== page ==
- robustness in the face of concurrent updates from multiple sources
What if the data "never" changed?If you are indeed in the business of business of writing anything like an enterprise app (and if you aren't, how come you read this far?), ask yourself this: how much of the code data source layer (or whatever you call it) of your stack could go away if the data it supplies to layers above it never changed? By "never", of course I mean "not during the lifetime of an application instance".
Now, the RDBMS crowd already distinguish between OLTP and OLAP, (and a very interesting debate that is, too--no really, it is) and the endpoint of moving in the OLAP direction is the data warehouse. And lot of regular RDBMS practice, predating the warehouse, allows for a highly optimised "read-only" route into the data involving a bunch of denormalized views and such. It's a failure mode to "denormalize for performance" even before the schema is built, never mind used for long enough to identify the frequent access patterns that will benefit from that denormalization, but when some user is going to need the same report updated time and again: go for it.
Data "corner shop"Data warehouses are generally expected to be 1) gigantic, 2) concerned with transactional data that accumulates at a high rate (leading to 1) and 3) aimed at sophisticated reporting (the "analytical" bit of OLAP). The smaller volume, more task specific version is the ''data mart''.
Lets say that we are building a system where the data needed to satisfy the wants of an end-user changed over periods much longer that the duration of a user's typical interaction with the system. Why, then, would we worry about all that
aSession.acquireUnitOfWork().readObject( blah blah blahstuff? We would have no need to do that for each user session. If the data changed slowly enough, there's be no need to do it for each instantiation of the (web) application itself. We can imagine the "transactions" getting consolidated in the warehouse (and condensed in the mart) might be things like "add a new item to the catalogue", or "change the price of this item". Happens on the timescale of days--or weeks. And furthermore, these changes might be known about, and actioned, some time in advance of being turned on for a particular application. But we have this idea avilable that access to the data that involves rapidly changing entities doens't have to go by the same route, or be maintained in the same way as that which changes slowly.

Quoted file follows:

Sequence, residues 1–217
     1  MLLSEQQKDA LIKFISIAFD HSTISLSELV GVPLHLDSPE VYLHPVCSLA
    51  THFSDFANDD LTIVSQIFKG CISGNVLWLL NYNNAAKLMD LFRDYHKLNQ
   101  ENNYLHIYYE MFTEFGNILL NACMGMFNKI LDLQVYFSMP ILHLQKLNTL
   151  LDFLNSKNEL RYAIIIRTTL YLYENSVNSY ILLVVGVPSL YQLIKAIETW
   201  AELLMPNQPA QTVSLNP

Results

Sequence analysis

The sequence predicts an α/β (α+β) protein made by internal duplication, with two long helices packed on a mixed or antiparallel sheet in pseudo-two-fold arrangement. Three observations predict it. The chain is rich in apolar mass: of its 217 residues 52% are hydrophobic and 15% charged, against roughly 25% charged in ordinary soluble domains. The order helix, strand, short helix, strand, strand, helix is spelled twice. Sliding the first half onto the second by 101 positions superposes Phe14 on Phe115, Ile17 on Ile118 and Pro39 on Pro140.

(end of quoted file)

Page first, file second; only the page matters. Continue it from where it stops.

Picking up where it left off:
Phew! So, rolling all that together you can start to think about doing what the team who re-implemented SQL in Java whom I mentioned earlier did. Or, rather, what one of the more capable programmers did in his spare time because he was fed up with all that junk. Every now and again (say, once every 24 hours) run a bunch of queries (that's your data mart) over the data and pull out all the currently useful bits and write them to a file in one simple encoding or another. Then, when the application gets bounced, it reads that data and builds its in-memory object graph and uses that to serve user requests. Call out to the DB for really volatile stuff, but how much of that do you really, really have? Really?
Do this and I'll bet you find, as that team did when the databaseless version of their app was deployed, that it goes faster and scales better. Oh, and by isolating the application (in their case, completely) from a database they were able to very easily pull out a chunk of functionality to sell as a stand-alone application and/or plugin to other systems and enabled a whole new product line for their business. Nice.
This sort of decision should be the work of architects, but too often wouldn't even come up for disucssion as an option. Why is that?
(*) No approbation of the rather sinister ESR or his dubious schemes should be construed from this reference to the Jargon File